NFB also contends that the RSB policy which prevents counselors from providing information about it to agency clients is a denial of access sufficient to establish injury. It cites Adarand v. Pena, 515 U.S. 200 (1995), and Village of Arlington Heights v. Metropolitan Housing Dev. Corp, 429 U.S. 252 (1976), in support. In Village of Arlington Heights, the Court found that a low-income housing corporation had standing to challenge a zoning decision which barred it from building a particular planned housing project. 429 U.S. at 261-63. The Court reasoned that the corporation had already expended funds planning the project, and its objective of providing low-cost housing in an area of scarcity would be hampered by the zoning decision. Id. at 263. The Court emphasized that "[t]he specific project MHDC intends to build, whether or not it will generate profits, provides that'essential dimension of specificity' that informs judicial decision making," id. (citation omitted), and that the "challenged action of the petitioners stands as an absolute bar to constructing the housing MHDC had contracted to place on the... site," id. at 261. The plaintiff in Adarand was found to have standing to seek prospective relief on its claim that a classification system used to evaluate bids for certain government contracts was discriminatory even though it could not show it would be the low bidder on any particular contract. The asserted injury was the fact that a system had been put in place which would prevent it from competing on an equal footing. Adarand, 515 U.S. at 211.


The "denial of access" NFB seeks to redress here is the opportunity to have RSB employees advise clients of NFB resources. There is no allegation, however, that the policy stands as a bar to any NFB program or makes it uncompetitive. The policy also applies to the other blind-run advocacy organization in Missouri. Although the policy may cause NFB to turn to other methods of disseminating information about its programs, there is no allegation that it interferes with NFB's own activities. This record does not contain allegations similar to the injuries recognized in Village of Arlington Heights or Adarand.4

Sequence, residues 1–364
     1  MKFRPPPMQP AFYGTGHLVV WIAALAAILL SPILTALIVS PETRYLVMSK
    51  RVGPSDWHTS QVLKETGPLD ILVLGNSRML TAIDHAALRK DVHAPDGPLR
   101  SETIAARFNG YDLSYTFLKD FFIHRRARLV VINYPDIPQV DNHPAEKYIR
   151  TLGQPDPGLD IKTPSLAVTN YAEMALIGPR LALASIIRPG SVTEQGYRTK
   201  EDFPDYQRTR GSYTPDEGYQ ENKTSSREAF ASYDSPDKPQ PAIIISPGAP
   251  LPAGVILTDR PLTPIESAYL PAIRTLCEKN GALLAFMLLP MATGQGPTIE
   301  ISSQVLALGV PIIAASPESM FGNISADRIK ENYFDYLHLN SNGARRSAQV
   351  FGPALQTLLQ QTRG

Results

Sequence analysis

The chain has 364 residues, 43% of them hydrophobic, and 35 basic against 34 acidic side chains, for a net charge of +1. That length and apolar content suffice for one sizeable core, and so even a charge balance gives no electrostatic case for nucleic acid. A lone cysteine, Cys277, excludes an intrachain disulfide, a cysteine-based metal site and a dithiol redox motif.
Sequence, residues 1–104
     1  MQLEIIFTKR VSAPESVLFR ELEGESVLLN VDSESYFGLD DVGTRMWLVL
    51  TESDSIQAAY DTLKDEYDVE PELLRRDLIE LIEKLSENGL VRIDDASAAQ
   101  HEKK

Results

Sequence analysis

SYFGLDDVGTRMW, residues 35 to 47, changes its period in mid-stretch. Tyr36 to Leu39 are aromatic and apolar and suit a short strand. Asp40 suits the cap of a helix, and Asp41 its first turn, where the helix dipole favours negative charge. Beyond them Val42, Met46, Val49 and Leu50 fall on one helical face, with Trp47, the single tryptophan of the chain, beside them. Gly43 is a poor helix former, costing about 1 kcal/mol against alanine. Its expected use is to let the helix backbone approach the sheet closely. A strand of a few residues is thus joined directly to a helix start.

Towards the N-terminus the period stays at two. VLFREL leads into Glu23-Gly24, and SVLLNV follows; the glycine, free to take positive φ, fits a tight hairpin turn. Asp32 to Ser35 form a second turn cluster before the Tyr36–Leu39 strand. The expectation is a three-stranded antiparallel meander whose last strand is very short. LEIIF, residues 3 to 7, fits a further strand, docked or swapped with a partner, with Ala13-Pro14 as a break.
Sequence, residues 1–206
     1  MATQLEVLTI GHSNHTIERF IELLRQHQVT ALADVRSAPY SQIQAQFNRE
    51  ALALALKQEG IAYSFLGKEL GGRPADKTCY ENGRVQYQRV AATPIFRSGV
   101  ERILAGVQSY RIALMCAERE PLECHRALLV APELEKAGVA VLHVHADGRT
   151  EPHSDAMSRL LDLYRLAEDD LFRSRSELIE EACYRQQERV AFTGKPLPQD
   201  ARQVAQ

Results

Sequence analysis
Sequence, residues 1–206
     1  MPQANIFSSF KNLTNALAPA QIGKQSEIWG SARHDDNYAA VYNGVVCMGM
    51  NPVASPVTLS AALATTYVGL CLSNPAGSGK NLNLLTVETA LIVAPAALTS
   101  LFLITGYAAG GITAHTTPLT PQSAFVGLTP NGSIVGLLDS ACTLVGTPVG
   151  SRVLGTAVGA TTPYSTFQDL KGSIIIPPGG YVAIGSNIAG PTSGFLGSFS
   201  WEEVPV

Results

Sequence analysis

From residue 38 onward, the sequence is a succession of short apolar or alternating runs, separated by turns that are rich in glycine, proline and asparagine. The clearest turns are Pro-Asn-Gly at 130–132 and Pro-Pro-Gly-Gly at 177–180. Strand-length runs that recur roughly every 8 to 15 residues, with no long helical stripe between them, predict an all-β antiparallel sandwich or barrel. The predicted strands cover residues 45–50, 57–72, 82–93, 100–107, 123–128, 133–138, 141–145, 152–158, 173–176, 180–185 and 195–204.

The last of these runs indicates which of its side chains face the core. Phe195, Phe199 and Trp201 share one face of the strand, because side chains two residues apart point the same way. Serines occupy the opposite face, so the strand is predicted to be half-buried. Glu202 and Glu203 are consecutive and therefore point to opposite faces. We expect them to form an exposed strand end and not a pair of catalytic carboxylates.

NFB has not established a distinct and palpable injury to it sufficient to create a case or controversy within the meaning of Article III. Since NFB has not met the injury in fact requirement, it lacks standing to raise the Rehabilitation Act claims. See Arkansas Acorn Fair Housing, Inc., 160 F.3d at 435. In addition, because it has not established an injury in fact, we need not reach the issue of whether as a prudential matter it would be appropriate also to grant NFB jus tertii standing to bring claims on behalf of RSB clients who lack access to information about NFB services. See, e. g., Powers v. Ohio, 499 U.S. 400, 410-11 (1991) (the first criteria litigants must satisfy to bring actions on behalf of third parties is a showing that they themselves suffered an injury in fact, giving them a sufficiently concrete interest in the outcome of the dispute).


NFB alternatively argues that it has representational standing to bring the claims of its members. A membership organization may sue on behalf of its members if three criteria are satisfied. Its members must have standing to sue, the interests it seeks to protect must be germane to its own purpose, and neither the claim asserted nor the relief requested may demand the participation of the individual members. Hunt v. Washington Apple Advertising Comm'n, 432 U.S. 333, 343 (1977).


NFB alleges that its members are harmed because, even though they presumably know about the services available from their own organization, the RSB policy prevents its counselors from discussing these services and materials with them. NFB has not alleged that any of its members actually have been injured in this way, however, and the only injuries alleged are hypothetical. Without a concrete present or future injury, the individual members would not have standing to sue. Valley Forge Christian College, 454 U.S. at 472. Since NFB has not alleged that any of its members have or will suffer an injury in fact, it does not have representational standing to bring Rehabilitation Act claims.


After considering all the bases on which NFB argues it is entitled to raise claims that state officials have violated their duties under the Rehabilitation Act, we conclude that it has not alleged facts sufficient to meet constitutional standing requirements. The district court did not err in dismissing the Rehabilitation Act claims.